"Do you ask her what she is thinking? Do you ask why she's distracted?" (Interviewer)
"I know why she is distracted. This is something (teachers) know... when the session ends, she will not leave the room (until she is the last to leave) and then when she leaves, she will wrap sweaters around her middle and she will say, 'Teacher I am so sick' and then she will go from school and not come back all day or many days." (Teacher)
When this teacher was probed, he outlined a recurring pattern observed among many of his Standard 6 students. At first, girls will try to cope with menstruation while in school. Later, they will miss school routinely - being absent for three to five days each month "in anticipation of menstruation". While the teacher's enrolment ledger showed regular absences for several female students, it was not possible to know if the absences were attributed to menstruation or another cause. Across all schools, teachers confirmed this pattern sometimes stating that instead of being absent for several days, girls will come to school but refuse to wear a uniform. Students reported varying levels of understanding on behalf of teachers accommodating the needs of a menstruating girl. While some teachers were described as supportive, others reportedly punish girls who wish to leave school early. In the latter case, girls reported leaving school "in secret".
"A girl will be among the most lively in class, she will participate and make good marks. Then she turns a corner and she will not partake and she is gone." (Teacher)
Environmental factors, here, include both the physical environment and the social environment, but it also speaks to a broader reality for girls in this setting: poverty.
Poverty prevents girls from effectively managing their periods. For example, while girls often state that commercially-available pads are their preferred method for managing their periods, a lack of money inhibits them from purchasing pads and, in two instances, inhibited shopkeepers' or kiosk owners' ability to stock pads.
"The Always™ costs money, but with cloths you just find an old piece of cloth and tear." (Standard 8)
"I choose rags because sometimes there is no money to buy pads so these help." (Standard 8)
Girls also stated that families with many orphans especially struggle to afford sanitary napkins.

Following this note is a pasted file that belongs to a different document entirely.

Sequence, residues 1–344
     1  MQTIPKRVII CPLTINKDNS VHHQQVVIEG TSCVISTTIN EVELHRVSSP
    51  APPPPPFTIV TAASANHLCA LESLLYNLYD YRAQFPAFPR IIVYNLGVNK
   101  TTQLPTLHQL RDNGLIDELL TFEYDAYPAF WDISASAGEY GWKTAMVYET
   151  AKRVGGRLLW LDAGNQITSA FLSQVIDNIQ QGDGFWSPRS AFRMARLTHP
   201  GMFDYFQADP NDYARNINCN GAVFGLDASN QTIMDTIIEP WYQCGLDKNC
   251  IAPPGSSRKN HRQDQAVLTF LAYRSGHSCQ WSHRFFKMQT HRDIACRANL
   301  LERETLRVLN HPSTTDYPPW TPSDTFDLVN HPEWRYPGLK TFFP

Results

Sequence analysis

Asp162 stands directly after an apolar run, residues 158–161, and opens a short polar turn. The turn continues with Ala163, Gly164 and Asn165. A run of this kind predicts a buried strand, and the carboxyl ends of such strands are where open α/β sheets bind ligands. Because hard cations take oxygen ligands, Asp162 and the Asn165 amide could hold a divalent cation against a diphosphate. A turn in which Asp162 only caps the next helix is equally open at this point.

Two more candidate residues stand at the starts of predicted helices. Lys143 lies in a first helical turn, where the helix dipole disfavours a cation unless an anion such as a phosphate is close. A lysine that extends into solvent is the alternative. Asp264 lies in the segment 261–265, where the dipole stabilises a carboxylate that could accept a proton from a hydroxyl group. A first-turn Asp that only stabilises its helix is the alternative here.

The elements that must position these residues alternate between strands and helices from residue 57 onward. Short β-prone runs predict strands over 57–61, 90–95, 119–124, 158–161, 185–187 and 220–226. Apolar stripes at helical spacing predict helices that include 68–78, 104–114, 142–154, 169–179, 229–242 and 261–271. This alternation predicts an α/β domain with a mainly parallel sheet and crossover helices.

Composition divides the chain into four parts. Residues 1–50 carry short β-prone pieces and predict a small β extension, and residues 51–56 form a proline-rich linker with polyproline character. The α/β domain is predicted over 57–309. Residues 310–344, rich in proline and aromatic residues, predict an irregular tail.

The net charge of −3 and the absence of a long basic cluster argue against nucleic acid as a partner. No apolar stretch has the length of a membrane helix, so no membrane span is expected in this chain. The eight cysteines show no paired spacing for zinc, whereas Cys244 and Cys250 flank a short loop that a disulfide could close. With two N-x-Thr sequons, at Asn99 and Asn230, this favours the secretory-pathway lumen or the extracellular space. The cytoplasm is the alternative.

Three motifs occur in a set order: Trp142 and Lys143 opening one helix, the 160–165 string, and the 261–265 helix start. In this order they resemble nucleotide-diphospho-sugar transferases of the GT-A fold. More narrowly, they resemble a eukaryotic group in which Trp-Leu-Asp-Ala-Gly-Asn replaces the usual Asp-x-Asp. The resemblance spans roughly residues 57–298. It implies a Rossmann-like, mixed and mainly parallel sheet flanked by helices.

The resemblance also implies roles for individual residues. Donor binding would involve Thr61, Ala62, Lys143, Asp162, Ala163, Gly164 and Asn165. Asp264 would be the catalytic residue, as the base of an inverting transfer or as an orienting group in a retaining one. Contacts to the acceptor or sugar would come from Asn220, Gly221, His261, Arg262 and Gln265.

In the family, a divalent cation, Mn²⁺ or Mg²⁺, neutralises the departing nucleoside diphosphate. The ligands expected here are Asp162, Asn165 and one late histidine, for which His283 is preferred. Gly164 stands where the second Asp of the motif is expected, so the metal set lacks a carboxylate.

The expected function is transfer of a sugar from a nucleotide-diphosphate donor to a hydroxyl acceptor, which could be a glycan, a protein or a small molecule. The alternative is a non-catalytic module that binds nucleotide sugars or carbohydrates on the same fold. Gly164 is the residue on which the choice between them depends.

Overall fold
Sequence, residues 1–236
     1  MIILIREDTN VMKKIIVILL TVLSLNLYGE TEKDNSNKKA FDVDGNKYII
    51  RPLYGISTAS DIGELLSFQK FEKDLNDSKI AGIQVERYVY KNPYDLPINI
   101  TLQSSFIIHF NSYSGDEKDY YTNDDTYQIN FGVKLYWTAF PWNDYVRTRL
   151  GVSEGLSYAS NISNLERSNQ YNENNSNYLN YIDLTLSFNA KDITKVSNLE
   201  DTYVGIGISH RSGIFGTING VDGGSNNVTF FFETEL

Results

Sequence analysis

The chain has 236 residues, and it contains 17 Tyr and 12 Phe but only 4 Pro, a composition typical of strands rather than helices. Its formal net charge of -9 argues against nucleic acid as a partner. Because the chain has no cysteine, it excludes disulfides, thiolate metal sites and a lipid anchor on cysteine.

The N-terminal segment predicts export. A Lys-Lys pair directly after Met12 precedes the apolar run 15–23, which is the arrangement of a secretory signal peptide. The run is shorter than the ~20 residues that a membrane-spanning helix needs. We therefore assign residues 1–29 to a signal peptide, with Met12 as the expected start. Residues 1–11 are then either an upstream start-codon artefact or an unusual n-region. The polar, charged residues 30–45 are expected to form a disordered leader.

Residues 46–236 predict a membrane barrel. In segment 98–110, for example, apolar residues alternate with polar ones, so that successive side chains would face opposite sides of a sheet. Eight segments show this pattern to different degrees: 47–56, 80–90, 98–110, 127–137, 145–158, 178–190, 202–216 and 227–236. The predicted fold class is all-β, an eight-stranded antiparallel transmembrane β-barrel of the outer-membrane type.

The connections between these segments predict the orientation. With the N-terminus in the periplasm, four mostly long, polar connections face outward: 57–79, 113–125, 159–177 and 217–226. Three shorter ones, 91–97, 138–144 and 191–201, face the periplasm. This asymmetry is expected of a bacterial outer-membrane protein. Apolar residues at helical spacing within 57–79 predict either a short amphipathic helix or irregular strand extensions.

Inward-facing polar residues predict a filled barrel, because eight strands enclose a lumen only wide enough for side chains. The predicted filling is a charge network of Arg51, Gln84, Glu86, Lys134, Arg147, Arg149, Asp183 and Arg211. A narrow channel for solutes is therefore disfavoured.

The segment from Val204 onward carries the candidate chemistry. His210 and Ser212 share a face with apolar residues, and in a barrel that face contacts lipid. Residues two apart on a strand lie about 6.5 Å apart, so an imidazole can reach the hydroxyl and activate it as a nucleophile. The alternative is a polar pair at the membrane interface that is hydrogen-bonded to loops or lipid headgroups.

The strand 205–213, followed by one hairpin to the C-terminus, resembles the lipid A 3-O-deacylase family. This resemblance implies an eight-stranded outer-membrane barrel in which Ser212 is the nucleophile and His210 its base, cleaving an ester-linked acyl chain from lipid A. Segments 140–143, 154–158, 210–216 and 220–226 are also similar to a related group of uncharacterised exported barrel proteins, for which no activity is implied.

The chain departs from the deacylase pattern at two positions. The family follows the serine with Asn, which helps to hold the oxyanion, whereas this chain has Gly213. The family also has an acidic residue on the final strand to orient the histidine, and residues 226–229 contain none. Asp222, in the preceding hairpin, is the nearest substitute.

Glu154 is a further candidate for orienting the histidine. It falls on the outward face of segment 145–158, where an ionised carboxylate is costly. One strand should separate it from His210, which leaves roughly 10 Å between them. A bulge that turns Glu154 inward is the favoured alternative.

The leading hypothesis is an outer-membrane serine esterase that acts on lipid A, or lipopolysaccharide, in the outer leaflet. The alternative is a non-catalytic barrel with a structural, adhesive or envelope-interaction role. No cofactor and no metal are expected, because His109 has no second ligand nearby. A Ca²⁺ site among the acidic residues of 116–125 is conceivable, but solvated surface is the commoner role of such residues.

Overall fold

Physical Environment and Sanitary Facilities
Girls reported that it is difficult to manage their periods in school due to a lack of water and an inability to bathe, which is a preferred practice if a girl is menstruating while at home. Girls reported that bathing is difficult or impossible because school washrooms are not private, lack water, or have cold water.
"It is different at school because at times you are late to school so you can't get time to warm your bathing water as required. During lunch break, also there is often no time for that so you must bathe using cold water." (Standard 7)
This student later said she typically goes home at lunch to bathe and does not return to school. Bathing at school, which is rare in Kenya though available at a few SWASH+ intervention schools, also involves the risk of being seen by others, which can lead to shame.
"May be when you go bathing there, all of the other people will know that you are in your menstrual period." (Standard 7)
Others said bathing in school is also difficult as there is no dry place to lay a sanitary napkin or cloth, and there is no basin or soap.
At one primary school, bathing is practiced in school washrooms because soap is provided by the school and water can be discretely accessed. Girls bathe immediately before going home at the end of the day. Embarrassment was not a concern as many girls engage in the behaviour regardless of menstrual status.
Social environment here refers to the household and community context in which girls live and the network of individuals surrounding a girl. In past generations, teachers said, when a Luo girl began menstruating she was not permitted to lay or sit on her mothers' bed nor could she sleep in her parent's house; instead she was sent to live with her grandmother. If the girl's father had died (implying that the mother was no longer sexually active) a girl could continue to live in her parental home. When a girl is menstruating, she is barred from engaging in a variety of household chores, such as washing the family water pot, and she may not cross the threshold into her parents sleeping quarters. These rules were described by teachers as mechanisms to maintain "respect for mothers and cleanliness in the home". Also in the past, grandmothers - or other non-sexual female elders - played an instrumental role in explaining menstruation and discussing menstrual management and reproductive health with young girls. Today, teachers stated that, due to the AIDS epidemic and its dramatic impact on the lives and livelihoods of individuals, families and communities, grandmothers are often unavailable to girls.
"In the past, she could talk to her granny about this. The grandmother would take the girl into her place and explain the way it works. Now grannies are so young - they are like age-mates with you - or they are raising so many orphans or maybe they are even now dead... Now there is no time. And nobody else is having this conversation with the girls." (Teacher)
Teachers mentioned that mothers and teachers also feel discomfort while discussing menstruation. According to one teacher, the topic of menstruation is firmly linked with the topic of sex, which is only discussed behind closed doors and among adults.
"If the parents or neighbours heard me explaining, really explaining, how to manage the issues with attending (one's menstruation) they may either become angry or they may think, 'That man is crazy.'" (Teacher)
Teachers most often said it is not their role - and it is perhaps beyond their professional authorisation- to explain menstruation to students. Several teachers added that they never received instruction on menstruation in school as young students or as teachers-in-training in Teacher College, and they therefore felt ill equipped to teach the topic.
"It is very very difficult to discuss menstruation with girls because then you must also discuss sex. And how should we then discuss sex? We are not grannies." (Teacher)